Getting a franchised business up off the ground is a welcome challenge for a vested owner. But are you scaling your business growth properly? It’s one thing to have initial success, but another thing entirely to manage the scalability of your business growth. Scalability in this sense means adding to your bottom line through more sales, more staff and ultimately—more overall success.
There are perils in getting it just right. Scale your business growth too slowly and you risk running your operation like a car stuck in a lower gear. Scale your business too quickly and you may outstrip the need for added resources. As in all things proper, seeking a good balance is the answer. During this week’s blog addition, we’re going to take a look at a few tips to help measure the scale and growth of your business.
Assess, Assess, Assess…
Good small business owners have a benchmark in mind. You likely do as well. Even the most rudimentary business plans have the break-even points. But these won’t do you much good if you don’t take a periodic assessment of your operation and how it is achieving its stated goals. If you sell goods, are you meeting the quotas you established? If you sell a service, are you meeting the number of clients you planned for? You truly can’t begin to scale any type of growth in your business if you don’t know your starting point. Begin weekly or monthly assessments of your bottom line and go from there.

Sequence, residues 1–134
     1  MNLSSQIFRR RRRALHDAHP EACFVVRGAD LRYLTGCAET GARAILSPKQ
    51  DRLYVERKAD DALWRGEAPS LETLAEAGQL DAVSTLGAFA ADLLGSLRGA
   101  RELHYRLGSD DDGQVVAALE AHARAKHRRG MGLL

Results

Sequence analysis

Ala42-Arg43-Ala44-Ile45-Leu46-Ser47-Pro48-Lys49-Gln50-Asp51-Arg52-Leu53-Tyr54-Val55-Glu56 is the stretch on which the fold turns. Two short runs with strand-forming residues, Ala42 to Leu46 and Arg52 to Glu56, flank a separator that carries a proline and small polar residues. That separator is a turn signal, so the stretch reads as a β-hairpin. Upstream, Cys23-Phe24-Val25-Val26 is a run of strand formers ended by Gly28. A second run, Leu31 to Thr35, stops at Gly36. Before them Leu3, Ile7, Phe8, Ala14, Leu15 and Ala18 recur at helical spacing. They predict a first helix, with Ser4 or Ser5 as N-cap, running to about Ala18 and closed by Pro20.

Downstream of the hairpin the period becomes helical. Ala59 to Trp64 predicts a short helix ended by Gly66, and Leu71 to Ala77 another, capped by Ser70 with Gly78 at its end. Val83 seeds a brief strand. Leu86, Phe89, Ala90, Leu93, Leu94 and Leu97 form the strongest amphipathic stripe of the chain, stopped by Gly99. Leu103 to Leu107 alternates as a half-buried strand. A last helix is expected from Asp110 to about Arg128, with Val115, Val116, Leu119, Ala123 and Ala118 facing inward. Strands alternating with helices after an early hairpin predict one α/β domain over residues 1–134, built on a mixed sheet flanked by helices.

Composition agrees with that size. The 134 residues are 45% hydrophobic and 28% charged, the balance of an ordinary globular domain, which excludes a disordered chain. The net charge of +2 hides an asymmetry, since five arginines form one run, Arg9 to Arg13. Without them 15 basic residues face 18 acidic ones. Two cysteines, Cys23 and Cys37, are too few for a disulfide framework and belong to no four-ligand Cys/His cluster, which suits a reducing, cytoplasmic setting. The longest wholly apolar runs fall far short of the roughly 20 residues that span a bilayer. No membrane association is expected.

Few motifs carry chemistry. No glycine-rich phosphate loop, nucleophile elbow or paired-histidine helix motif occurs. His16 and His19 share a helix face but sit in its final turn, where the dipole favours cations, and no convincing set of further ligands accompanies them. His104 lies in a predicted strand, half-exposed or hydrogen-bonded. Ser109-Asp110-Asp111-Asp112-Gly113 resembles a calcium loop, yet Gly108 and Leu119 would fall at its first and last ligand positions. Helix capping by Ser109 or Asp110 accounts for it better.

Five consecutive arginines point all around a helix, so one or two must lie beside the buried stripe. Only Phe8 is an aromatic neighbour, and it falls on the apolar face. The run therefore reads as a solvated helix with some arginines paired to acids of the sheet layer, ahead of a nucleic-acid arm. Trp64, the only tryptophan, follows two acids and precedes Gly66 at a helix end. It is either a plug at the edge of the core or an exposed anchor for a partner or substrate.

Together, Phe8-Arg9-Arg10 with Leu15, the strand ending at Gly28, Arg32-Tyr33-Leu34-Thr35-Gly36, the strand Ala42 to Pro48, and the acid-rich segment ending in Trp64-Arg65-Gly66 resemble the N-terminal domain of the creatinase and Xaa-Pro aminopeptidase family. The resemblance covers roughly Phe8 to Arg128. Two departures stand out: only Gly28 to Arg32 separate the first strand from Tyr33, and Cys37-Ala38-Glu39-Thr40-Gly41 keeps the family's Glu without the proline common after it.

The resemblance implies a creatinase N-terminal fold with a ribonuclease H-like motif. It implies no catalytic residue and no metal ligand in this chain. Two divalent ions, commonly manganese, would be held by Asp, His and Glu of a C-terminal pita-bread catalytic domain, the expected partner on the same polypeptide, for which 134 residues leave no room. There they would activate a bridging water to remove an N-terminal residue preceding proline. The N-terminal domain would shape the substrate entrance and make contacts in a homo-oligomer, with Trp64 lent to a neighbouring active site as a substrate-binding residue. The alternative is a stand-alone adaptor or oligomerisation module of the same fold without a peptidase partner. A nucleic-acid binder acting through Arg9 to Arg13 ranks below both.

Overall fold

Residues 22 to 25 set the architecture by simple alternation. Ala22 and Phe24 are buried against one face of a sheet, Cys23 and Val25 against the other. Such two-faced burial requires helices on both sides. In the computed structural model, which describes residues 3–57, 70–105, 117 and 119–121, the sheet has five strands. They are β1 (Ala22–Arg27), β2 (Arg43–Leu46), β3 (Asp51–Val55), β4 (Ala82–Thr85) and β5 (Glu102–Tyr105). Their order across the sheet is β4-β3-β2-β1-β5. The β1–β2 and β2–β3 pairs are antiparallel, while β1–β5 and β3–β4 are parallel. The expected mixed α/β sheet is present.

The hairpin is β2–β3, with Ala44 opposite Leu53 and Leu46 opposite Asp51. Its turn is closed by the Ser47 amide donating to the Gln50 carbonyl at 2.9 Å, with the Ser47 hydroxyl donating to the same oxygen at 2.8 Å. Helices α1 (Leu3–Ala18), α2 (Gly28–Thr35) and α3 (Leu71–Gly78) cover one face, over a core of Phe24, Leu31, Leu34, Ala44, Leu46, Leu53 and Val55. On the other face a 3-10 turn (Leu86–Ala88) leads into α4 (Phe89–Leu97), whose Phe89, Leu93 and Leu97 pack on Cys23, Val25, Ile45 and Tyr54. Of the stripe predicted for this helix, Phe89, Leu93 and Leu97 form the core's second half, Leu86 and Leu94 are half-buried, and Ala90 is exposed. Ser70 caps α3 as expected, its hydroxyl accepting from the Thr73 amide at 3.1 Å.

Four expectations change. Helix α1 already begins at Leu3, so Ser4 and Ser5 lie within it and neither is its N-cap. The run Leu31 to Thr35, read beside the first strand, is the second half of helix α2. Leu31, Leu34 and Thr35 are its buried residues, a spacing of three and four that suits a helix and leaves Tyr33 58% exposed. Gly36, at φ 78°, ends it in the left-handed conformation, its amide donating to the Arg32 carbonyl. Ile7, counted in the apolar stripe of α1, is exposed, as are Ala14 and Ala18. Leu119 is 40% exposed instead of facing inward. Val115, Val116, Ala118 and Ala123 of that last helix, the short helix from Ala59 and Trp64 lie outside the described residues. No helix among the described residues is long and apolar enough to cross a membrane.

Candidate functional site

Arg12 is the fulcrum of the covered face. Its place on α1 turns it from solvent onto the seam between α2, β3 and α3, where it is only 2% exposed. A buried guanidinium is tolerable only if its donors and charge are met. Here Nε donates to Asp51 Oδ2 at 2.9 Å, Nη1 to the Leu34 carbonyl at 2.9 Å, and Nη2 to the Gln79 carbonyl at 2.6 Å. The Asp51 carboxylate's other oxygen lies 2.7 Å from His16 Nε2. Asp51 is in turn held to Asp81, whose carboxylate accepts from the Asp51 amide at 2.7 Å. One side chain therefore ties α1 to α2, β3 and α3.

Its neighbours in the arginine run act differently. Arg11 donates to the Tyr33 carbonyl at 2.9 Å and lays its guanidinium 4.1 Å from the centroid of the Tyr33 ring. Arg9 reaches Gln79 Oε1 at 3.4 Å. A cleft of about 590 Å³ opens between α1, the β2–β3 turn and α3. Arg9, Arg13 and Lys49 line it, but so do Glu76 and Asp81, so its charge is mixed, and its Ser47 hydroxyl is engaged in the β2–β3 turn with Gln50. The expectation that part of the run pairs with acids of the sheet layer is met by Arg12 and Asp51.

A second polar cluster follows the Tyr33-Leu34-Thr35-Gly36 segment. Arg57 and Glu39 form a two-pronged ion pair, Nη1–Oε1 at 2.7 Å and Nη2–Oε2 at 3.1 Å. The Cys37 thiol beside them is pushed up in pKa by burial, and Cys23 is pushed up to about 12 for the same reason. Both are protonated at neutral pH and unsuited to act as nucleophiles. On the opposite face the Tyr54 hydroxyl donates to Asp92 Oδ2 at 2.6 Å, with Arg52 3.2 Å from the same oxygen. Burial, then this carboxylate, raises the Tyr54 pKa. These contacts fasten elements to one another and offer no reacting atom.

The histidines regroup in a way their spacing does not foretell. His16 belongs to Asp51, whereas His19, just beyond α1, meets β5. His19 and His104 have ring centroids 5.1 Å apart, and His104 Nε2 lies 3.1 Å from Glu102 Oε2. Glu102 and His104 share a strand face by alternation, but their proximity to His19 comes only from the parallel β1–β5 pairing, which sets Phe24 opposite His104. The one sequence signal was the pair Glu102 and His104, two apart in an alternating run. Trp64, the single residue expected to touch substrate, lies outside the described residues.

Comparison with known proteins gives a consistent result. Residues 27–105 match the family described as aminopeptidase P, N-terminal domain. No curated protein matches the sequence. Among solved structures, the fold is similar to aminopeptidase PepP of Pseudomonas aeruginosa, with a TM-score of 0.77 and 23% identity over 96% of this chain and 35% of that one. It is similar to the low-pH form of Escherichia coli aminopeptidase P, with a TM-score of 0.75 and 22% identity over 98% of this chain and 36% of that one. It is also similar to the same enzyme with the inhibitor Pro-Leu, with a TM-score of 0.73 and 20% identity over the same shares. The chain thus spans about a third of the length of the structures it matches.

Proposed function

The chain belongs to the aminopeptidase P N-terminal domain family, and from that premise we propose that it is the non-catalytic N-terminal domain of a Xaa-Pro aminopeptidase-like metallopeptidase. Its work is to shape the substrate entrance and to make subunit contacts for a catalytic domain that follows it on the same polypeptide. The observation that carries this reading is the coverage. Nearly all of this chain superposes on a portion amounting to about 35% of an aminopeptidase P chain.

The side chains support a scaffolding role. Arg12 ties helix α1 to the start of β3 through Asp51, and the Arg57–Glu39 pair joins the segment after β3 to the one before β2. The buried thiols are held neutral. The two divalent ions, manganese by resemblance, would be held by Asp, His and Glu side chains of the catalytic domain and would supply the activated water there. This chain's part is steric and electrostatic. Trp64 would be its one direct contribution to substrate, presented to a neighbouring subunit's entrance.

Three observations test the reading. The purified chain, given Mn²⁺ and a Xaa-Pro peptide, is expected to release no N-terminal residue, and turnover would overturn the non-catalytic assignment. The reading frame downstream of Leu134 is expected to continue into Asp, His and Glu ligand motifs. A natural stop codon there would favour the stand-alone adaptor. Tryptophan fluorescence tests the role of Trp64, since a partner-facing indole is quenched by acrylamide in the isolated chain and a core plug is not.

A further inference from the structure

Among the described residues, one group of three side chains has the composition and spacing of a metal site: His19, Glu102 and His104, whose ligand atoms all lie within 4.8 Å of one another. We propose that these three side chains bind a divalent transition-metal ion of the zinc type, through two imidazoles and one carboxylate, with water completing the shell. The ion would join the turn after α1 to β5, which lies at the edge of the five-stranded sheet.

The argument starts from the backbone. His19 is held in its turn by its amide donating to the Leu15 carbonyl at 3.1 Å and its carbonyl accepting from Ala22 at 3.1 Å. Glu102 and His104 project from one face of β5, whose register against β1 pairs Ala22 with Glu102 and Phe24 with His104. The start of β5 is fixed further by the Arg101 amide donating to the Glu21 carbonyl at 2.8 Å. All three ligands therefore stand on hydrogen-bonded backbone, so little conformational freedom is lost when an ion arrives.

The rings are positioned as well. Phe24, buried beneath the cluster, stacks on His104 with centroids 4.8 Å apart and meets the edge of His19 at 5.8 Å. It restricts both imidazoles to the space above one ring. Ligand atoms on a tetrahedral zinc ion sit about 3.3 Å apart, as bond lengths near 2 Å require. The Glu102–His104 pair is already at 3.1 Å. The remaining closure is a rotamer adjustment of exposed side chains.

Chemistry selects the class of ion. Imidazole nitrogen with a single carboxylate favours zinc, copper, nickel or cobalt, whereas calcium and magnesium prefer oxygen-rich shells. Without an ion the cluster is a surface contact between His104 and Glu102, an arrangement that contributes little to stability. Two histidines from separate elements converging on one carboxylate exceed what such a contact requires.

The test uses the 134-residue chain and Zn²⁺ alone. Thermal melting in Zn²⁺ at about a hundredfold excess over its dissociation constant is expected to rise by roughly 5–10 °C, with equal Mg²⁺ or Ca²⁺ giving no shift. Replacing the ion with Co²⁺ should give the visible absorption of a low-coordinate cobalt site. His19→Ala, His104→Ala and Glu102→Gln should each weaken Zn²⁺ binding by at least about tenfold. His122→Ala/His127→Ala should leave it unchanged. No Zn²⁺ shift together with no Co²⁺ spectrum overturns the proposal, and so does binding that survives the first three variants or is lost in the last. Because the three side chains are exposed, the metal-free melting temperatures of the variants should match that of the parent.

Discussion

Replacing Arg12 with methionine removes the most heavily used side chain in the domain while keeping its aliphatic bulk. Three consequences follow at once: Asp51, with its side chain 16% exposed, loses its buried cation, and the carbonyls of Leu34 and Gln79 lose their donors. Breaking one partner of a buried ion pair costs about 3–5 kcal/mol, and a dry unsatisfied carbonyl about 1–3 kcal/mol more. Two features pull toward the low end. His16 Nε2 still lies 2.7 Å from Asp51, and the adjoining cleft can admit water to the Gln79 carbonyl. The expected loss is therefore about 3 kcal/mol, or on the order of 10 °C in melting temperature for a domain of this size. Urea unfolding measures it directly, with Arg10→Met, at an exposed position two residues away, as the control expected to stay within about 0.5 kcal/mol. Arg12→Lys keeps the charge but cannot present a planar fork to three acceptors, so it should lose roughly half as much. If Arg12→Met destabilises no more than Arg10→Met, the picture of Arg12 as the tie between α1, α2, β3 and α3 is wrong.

Set the Triggers
In order to scale your business growth properly, put a focus on diligent planning. And when you’re planning, plan for success. Find out exactly when you have enough growth to add a staff member, for example. This is setting a trigger for action. It works the same when you’re stocking inventory. When you get low enough, you know it’s time to re-order. Set triggers for things like expanding staff, adding products (or service offerings) and even adding additional locations. Think big, be big.
Cobble Your Own Shoes
Many of us have heard the saying, “The cobbler’s children have no shoes.” What it means is that the cobbler is so busy working on repairing his customer’s shoes, that he had no time to get his own children any. Is this how you’re running your business? Do you spend all of your time servicing your customers and clients and none of your time promoting yourself? If so, you best get to delegating. Find a good manager who can handle the day-to-day tasks. If you don’t have the time to promote your own business, where will your next generation of customers come from? This is what scalability is all about. Be thinking about the future, not just the present.
Scalability is an extremely important factor in the growth of your small business or franchise. Give it the attention it requires and your business will have a progressive future of success.